Balance studies can be used to determine the amount of calcium needed in the diet to support desirable calcium retention. Such studies need to be expanded in the following ways:

  • To the extent possible, balance studies should be augmented with stable or radioactive tracers of calcium to estimate aspects of calcium homeostasis with changes in defined intakes (i.e., fractional absorption, bone calcium balance, and bone turnover rates);

  • Adaptations to changes in the amount of dietary calcium should be followed within the same populations for short-term (2 months) to long-term (1 to 2 years) studies. Different experimental approaches will be needed to define the temporal response to changes in dietary calcium. Short-term studies may be conducted in a metabolic unit whereas the longer-term studies will need to be carried out in confined populations (i.e., convalescent home patients) fed prescribed diets; human study cohorts followed carefully for years with frequent, thorough estimates of dietary intakes; or metabolic studies of individuals fed their usual diets who typically consume a wide range of calcium intakes. All studies should include a comprehensive evaluation of biochemical measures of bone mineral content or metabolism. Bone mineral content and density should be evaluated in long-term studies. Good surrogate markers of osteopenia could be used in epidemiological studies.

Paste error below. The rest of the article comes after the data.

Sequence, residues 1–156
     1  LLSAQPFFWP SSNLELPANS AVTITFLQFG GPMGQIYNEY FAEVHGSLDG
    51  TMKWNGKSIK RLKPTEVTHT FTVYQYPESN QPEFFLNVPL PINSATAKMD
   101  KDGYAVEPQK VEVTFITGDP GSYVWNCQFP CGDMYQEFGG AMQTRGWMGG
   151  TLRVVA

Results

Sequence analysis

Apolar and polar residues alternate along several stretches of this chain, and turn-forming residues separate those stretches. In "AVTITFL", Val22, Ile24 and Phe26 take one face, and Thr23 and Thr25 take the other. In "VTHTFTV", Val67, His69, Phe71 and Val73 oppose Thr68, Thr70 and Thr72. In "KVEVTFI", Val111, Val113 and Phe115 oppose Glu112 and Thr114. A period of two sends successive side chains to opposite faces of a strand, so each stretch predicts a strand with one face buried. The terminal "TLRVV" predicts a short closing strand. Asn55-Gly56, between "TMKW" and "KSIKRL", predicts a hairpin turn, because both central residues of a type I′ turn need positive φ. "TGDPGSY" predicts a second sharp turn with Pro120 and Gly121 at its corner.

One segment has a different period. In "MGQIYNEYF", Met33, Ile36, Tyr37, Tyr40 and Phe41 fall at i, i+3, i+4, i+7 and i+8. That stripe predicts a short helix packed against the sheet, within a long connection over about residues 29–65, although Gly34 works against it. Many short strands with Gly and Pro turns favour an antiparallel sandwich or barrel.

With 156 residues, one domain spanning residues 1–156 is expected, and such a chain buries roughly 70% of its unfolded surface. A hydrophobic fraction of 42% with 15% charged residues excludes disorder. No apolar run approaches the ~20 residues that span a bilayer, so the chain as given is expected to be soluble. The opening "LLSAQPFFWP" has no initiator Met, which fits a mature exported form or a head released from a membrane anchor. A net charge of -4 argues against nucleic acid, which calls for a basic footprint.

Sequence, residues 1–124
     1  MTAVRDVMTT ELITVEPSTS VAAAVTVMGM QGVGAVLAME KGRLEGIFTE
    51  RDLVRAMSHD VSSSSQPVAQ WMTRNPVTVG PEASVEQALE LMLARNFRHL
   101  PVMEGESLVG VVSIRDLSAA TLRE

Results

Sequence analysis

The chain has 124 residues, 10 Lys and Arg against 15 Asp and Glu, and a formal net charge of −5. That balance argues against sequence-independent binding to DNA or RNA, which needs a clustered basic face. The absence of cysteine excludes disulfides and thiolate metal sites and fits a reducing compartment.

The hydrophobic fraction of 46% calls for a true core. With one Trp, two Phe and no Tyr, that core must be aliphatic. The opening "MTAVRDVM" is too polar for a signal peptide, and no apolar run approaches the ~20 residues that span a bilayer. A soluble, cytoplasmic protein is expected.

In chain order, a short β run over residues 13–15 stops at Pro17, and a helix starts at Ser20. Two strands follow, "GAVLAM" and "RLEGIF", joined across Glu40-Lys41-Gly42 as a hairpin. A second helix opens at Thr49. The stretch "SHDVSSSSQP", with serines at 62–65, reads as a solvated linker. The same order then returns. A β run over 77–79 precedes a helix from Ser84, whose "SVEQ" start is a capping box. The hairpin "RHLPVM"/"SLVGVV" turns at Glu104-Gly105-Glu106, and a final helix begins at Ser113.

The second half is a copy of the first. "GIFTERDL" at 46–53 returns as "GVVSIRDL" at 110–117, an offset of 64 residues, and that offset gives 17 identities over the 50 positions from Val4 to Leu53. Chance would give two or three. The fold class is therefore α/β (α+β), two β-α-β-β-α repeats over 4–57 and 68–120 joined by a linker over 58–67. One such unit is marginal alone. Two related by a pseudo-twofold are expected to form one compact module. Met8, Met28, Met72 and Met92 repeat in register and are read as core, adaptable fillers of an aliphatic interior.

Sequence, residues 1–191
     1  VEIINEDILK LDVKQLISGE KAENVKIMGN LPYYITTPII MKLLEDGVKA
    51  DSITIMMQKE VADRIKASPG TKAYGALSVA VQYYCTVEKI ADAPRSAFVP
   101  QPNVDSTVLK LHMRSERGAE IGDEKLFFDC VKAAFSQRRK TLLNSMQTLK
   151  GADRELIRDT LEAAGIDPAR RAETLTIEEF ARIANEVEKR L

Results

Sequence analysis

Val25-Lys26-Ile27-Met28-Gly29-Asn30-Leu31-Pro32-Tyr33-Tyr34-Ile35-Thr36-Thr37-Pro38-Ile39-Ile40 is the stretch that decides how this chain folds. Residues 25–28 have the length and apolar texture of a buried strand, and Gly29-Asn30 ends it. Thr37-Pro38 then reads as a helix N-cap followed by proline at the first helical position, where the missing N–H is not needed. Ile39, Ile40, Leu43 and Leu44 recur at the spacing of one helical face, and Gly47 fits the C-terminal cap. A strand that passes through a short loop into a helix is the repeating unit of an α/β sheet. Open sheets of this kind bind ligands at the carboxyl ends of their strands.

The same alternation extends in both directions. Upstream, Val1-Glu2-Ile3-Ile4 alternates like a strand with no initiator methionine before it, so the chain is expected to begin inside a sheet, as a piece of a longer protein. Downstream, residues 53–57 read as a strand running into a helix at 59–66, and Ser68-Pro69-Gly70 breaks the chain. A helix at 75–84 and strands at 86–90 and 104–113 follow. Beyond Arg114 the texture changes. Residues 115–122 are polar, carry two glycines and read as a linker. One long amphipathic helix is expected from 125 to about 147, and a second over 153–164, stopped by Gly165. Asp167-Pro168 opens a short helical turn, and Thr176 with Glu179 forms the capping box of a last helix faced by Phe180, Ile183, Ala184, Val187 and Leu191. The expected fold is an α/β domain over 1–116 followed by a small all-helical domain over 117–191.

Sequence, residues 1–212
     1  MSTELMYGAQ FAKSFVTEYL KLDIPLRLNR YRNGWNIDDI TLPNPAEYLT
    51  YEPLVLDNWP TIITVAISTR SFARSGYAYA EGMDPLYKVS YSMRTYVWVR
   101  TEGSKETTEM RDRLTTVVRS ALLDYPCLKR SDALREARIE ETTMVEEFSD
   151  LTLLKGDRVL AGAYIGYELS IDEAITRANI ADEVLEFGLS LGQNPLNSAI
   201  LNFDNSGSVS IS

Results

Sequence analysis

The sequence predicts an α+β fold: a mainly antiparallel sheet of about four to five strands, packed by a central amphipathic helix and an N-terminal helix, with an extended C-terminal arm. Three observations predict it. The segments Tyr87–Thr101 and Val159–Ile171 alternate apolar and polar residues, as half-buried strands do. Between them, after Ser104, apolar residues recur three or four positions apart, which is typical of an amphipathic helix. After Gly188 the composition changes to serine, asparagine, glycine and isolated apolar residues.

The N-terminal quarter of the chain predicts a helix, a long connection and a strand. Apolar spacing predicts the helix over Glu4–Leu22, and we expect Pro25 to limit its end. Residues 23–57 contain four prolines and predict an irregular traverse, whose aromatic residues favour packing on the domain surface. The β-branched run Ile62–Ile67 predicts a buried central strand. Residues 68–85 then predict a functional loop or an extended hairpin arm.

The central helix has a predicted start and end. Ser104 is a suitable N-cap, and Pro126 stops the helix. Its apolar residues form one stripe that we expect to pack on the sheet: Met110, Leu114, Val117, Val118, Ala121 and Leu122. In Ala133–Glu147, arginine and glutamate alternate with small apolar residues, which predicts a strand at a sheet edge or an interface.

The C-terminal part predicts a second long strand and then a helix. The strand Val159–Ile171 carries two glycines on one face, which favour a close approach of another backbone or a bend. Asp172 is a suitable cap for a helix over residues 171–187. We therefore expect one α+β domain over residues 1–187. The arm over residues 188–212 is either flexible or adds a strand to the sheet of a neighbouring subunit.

• Assessment of the effect of ethnicity and osteoporosis phenotype on the relationship between dietary calcium, desirable calcium retention, bone metabolism, and bone mineral content.

  • Evaluation of the independent impact of diet, lifestyle (especially physical activity), and hormonal changes on the utilization of dietary calcium for bone deposition and growth in children and adolescents. These studies need to be done in populations for which the usual calcium intakes range from low to above adequate.

  • Epidemiological studies of the interrelationships between calcium intake and fracture risk, osteoporosis, prostate cancer, and hypertension must be pursued to determine if calcium intake is an independent determinant of any of these health outcomes. Control of other factors potentially associated as other risk factors for these health problems is essential (for example, fat intake in relation to cancer and cardiovascular disease; weight bearing activity; and dietary components such as salt, protein and caffeine in relation to osteoporosis). Such epidemiological studies need to be conducted in middle-aged as well as older adult men and women.

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